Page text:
The figures are unofficial and subject to amendment until the final August 9 deadline for the secretary of state to determine if the campaign succeeded.

By Rudi Keller, Missouri Independent

An initiative to legalize recreational marijuana use in Missouri will need help if it is going to be on the November ballot.

Reports from almost every county in the state, delivered to Secretary of State Jay Ashcroft’s (R) office, show the petition is short of its goal in two of the six congressional districts needed to qualify for the ballot.

It is 1,573 signatures short in the 6th Congressional District, which runs from Kansas City to the Iowa border, and 1,144 signatures short in the 7th Congressional District in southwest Missouri around Springfield and Joplin.

The same reports show that a proposal to bring ranked-choice voting to Missouri failed to obtain the necessary signatures in any congressional district.

The figures are unofficial and subject to amendment until the final August 9 deadline for Ashcroft to determine whether the campaign succeeded or not, spokeswoman Madison Walker wrote in an email to The Independent.

Legal Missouri 2022, which pushed the ballot measure with a $5.9 million campaign effort, wasn’t ready Tuesday to admit the effort was finished. John Payne, Legal Missouri’s campaign manager, said the reports of local election authorities are being double checked to identify possible errors.

Roughly 400,000 signatures were submitted for the petition to legalize adult use of marijuana and automatically expunge most nonviolent past cannabis offenses, he said.

“As we continue to see more signature counts submitted by counties, it’s become crystal clear that we have more than enough signatures to qualify our citizens’ initiative for the November general election ballot,” Payne said. “The Legal Missouri 2022 campaign continues to work to ensure that every valid voter signature is counted properly, and is excited that Missouri voters will soon have their opportunity to decide.”

The Legal Missouri initiative would expand the current medical marijuana businesses program by allowing existing licensees to serve both medical and non-medical purchasers. There would be an additional 144 licenses for what will be known as “microbusiness facilities,” with six dispensaries and 12 wholesale facilities in each congressional district. It would also require expungement of marijuana offenses from criminal records.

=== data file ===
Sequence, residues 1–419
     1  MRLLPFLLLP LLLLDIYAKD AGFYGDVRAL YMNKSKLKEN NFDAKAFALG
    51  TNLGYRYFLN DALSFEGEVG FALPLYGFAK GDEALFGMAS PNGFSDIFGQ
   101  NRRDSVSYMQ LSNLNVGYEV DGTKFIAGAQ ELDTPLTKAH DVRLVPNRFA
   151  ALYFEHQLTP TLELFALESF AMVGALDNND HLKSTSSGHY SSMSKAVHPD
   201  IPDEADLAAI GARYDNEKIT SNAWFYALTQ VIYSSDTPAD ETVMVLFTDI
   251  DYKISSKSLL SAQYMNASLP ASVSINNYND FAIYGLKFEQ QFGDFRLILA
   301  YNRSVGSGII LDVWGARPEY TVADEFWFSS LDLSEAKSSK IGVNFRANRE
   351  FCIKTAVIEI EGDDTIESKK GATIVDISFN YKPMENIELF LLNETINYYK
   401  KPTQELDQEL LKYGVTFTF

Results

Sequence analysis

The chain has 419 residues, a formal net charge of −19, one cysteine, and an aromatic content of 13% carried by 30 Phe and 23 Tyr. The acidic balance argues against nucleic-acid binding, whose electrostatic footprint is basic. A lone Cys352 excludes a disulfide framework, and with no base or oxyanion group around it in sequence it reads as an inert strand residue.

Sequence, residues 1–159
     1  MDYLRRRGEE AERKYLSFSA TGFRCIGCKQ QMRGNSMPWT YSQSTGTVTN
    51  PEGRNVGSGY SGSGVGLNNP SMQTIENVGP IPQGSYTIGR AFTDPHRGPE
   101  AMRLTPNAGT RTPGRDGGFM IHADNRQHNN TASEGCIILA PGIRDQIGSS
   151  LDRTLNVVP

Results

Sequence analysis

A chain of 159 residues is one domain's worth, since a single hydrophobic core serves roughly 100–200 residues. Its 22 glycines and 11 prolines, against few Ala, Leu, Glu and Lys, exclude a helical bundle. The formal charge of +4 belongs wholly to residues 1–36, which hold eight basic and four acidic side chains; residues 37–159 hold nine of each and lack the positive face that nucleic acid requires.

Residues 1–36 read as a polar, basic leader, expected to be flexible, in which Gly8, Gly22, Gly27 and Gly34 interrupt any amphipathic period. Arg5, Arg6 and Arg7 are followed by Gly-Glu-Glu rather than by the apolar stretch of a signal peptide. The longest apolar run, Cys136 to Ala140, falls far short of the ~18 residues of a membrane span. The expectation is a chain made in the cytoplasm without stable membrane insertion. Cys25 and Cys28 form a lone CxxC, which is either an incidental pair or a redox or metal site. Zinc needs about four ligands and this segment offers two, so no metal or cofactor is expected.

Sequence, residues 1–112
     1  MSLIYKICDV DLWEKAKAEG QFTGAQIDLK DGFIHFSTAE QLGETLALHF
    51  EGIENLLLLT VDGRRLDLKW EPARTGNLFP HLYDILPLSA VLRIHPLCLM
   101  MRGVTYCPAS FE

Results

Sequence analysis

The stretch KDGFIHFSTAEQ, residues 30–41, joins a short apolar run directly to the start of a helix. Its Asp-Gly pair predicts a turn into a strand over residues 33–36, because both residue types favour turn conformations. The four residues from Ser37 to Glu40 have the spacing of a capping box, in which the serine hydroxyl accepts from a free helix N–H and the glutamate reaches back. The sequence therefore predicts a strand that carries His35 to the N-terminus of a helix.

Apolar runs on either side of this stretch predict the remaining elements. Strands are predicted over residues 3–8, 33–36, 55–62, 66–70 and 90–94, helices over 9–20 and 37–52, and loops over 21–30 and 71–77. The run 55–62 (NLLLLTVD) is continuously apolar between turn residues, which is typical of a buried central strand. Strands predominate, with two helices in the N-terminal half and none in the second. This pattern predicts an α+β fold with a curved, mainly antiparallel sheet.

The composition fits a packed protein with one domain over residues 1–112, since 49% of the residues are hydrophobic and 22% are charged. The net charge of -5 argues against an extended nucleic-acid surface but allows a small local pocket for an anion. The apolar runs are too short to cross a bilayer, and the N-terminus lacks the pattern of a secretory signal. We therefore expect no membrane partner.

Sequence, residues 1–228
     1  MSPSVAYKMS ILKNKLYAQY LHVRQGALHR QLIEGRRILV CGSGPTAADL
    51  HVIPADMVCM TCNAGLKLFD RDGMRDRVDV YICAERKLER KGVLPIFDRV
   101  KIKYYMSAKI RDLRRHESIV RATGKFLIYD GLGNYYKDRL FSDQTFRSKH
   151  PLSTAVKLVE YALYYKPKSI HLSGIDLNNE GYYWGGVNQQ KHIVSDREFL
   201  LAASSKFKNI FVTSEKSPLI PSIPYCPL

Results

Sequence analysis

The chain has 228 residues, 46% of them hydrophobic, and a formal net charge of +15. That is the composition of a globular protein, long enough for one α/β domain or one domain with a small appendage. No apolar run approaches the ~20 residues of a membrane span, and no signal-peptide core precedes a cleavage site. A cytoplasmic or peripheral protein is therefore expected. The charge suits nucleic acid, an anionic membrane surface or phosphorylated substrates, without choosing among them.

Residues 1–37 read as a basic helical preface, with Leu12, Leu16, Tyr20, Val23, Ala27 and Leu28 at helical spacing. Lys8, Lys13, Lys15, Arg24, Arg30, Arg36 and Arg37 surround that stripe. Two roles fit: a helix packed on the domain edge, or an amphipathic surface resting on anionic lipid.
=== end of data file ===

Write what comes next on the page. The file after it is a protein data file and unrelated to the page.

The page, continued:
Supporters of Legal Missouri lobbied heavily against a bill introduced in the Missouri House that would have legalized marijuana use and set up a fairly simple licensing system similar to that used to license liquor businesses.

“We have 16,000 liquor licenses in this state. I don’t see why we should be treating cannabis any differently,” said state Rep. Ron Hicks, R-Defiance and sponsor of the legislation.

Told that the initiative is currently short of the needed signatures, Hicks said it was “wonderful news.”

Hicks is leaving the Missouri House due to term limits, but he urged lawmakers to pass a simple legalization bill in the coming year. License limits that are artificially low hurt small entrepreneurs, especially minority businesses, he said.

“If we do it the right way, through the legislature, the state will be better off,” Hicks said.

Both the Legal Missouri and Better Elections initiatives were proposed constitutional amendments, meaning they needed signatures from registered voters equal to 8 percent of the vote from the 2020 gubernatorial election in each of six of the state’s eight congressional districts.

Legal Missouri succeeded in the 1st, 2nd, 3rd and 5th districts. Of the 379,336 signatures submitted for those districts, 52.1 percent were deemed valid.

Signatures are checked by local county clerks and election boards.

This story was first published by Missouri Independent.

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